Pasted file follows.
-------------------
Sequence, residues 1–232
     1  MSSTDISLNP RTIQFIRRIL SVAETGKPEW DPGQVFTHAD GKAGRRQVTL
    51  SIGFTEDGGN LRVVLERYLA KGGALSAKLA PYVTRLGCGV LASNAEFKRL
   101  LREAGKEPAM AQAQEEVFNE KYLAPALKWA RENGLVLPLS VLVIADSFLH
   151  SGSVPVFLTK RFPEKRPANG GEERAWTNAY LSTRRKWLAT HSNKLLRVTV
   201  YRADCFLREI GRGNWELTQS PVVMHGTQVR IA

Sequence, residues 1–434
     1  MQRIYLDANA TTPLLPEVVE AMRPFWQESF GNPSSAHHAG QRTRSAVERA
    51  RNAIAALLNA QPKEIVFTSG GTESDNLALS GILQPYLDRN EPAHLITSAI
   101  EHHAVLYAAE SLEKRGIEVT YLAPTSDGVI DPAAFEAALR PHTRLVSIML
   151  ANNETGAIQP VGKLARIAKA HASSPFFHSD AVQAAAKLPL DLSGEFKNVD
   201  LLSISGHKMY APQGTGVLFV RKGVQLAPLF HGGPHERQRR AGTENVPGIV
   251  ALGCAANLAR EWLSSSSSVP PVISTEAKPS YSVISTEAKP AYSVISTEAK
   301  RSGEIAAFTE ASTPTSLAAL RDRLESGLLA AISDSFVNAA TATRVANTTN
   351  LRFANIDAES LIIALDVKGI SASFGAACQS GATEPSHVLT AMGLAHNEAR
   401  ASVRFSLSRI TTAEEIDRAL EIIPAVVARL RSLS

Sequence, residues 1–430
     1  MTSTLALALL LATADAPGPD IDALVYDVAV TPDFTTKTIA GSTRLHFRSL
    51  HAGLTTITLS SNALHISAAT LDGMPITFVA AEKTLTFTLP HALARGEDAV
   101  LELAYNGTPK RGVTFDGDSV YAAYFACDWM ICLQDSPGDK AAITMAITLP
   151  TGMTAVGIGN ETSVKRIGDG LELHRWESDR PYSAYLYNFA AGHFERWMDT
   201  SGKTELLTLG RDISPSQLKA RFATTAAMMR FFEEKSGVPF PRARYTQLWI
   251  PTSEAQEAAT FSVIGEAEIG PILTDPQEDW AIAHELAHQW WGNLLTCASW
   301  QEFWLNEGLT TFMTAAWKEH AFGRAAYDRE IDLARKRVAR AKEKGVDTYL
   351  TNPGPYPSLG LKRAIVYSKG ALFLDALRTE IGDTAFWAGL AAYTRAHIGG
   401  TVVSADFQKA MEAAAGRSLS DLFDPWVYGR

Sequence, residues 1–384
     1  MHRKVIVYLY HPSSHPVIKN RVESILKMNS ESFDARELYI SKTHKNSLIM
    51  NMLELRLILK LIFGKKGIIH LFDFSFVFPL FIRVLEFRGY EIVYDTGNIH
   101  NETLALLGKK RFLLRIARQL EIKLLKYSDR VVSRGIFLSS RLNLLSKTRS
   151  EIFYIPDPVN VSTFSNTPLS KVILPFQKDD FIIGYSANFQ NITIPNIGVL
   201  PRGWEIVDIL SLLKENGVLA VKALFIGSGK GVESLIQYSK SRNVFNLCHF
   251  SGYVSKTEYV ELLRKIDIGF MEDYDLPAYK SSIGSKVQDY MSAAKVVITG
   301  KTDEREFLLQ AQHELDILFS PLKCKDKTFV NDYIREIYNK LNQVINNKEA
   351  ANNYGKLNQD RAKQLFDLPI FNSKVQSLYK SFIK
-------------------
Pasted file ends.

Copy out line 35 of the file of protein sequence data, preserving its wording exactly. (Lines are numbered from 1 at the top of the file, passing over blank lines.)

   351  ANNYGKLNQD RAKQLFDLPI FNSKVQSLYK SFIK